The “more data” advantage from the Fed’s perspective turns into a “surveillance” disadvantage from the perspective of everyday citizens.
A CBDC ledger records every transaction, allowing governments to monitor the financial behaviors down to the individual.
The common rebuttal here is, “I’m not doing anything illegal. I don’t care if I’m being monitored.”
This argument neglects the directional nature of policies and oversight, assuming those with power will not pursue more power.
Personalized Monetary Policies
Increased monetary surveillance leads seamlessly to personalized monetary policy.
Governments would be able to program the issued CBDC down to the individual, specifying what product or services that CBDC is permitted to be spent on.
Let’s say CBDCs were launched prior to the COVID-19 pandemic. Central banks could have programmed the distributed stimulus checks to only be spent on approved products and services they deemed to be necessary, such as rent, food, electricity, and water.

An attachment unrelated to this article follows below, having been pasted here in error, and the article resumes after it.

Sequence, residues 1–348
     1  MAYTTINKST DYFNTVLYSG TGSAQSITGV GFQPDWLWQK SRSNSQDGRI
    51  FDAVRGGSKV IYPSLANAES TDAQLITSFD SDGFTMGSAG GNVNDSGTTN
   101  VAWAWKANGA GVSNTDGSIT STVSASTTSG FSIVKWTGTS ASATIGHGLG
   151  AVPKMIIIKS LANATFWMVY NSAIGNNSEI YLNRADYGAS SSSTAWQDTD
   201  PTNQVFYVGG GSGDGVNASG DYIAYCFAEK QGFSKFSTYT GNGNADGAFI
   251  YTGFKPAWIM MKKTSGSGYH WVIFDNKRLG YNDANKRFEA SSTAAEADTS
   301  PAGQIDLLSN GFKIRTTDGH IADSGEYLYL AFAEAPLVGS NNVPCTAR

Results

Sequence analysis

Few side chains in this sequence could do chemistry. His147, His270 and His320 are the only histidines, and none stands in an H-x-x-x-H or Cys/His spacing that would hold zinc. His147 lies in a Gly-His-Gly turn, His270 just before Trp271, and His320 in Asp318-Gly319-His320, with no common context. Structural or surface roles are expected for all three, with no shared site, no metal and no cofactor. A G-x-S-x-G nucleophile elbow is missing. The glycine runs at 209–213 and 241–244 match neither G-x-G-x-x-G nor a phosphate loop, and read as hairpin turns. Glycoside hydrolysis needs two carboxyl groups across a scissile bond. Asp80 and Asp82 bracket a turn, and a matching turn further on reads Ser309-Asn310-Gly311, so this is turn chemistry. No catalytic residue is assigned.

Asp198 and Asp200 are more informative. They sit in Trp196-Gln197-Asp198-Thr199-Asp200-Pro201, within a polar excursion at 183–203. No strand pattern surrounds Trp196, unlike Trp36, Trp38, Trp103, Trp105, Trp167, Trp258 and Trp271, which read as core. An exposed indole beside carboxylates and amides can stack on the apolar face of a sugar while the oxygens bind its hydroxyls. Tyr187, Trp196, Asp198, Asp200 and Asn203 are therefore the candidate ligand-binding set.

Another chilling result of CBDCs would be their potential to programmatically expire.
Central bankers or governments could encourage spending and consumption by putting an expiration date on its money.
The ability for money to expire would likely be paired with some type of universal basic income (UBI) system or the previously mentioned personalized monetary policies.
This level of monetary control has the potential to erode individual freedom.
Negative Interest Rates
Your entire CBDC balance would exist in a database governed by a central bank in a cashless society.
You would not be able to escape negative interest rates set by the Fed because you wouldn’t be able to withdraw physical cash.
Today, you might be able to earn 0.50% interest on your money in a Marcus savings account.
If Marcus were to charge a negative 0.50% interest rate, you could withdraw your balance and earn zero percent interest rather than losing money.
This option ceases to exist in a CBDC system. You’d either spend your depreciating CBDC and stimulate the economy or invest in riskier assets, like stocks that have the potential to appreciate.
Fiat Monetary Policy
A CBDC is just the digital form of a nation’s currency, which is backed by the issuing government and not reserves like gold.